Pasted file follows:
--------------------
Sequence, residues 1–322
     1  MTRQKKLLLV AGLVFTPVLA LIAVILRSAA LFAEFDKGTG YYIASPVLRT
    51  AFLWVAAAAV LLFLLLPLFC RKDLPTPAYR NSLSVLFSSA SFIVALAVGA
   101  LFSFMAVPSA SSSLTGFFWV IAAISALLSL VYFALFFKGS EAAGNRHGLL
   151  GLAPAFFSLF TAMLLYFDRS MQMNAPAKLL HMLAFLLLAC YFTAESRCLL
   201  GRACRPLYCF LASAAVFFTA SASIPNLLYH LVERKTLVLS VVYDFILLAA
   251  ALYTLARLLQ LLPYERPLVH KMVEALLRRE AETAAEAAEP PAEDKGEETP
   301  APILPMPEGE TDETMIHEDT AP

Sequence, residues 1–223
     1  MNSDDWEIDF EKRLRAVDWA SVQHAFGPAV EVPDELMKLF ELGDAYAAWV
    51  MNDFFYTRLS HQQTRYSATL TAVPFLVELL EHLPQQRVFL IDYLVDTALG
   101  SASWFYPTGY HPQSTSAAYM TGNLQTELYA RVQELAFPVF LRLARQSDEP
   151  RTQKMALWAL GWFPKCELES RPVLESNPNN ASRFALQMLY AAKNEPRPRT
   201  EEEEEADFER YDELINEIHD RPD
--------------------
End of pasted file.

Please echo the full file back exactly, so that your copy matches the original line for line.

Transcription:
Sequence, residues 1–322
     1  MTRQKKLLLV AGLVFTPVLA LIAVILRSAA LFAEFDKGTG YYIASPVLRT
    51  AFLWVAAAAV LLFLLLPLFC RKDLPTPAYR NSLSVLFSSA SFIVALAVGA
   101  LFSFMAVPSA SSSLTGFFWV IAAISALLSL VYFALFFKGS EAAGNRHGLL
   151  GLAPAFFSLF TAMLLYFDRS MQMNAPAKLL HMLAFLLLAC YFTAESRCLL
   201  GRACRPLYCF LASAAVFFTA SASIPNLLYH LVERKTLVLS VVYDFILLAA
   251  ALYTLARLLQ LLPYERPLVH KMVEALLRRE AETAAEAAEP PAEDKGEETP
   301  APILPMPEGE TDETMIHEDT AP

Sequence, residues 1–223
     1  MNSDDWEIDF EKRLRAVDWA SVQHAFGPAV EVPDELMKLF ELGDAYAAWV
    51  MNDFFYTRLS HQQTRYSATL TAVPFLVELL EHLPQQRVFL IDYLVDTALG
   101  SASWFYPTGY HPQSTSAAYM TGNLQTELYA RVQELAFPVF LRLARQSDEP
   151  RTQKMALWAL GWFPKCELES RPVLESNPNN ASRFALQMLY AAKNEPRPRT
   201  EEEEEADFER YDELINEIHD RPD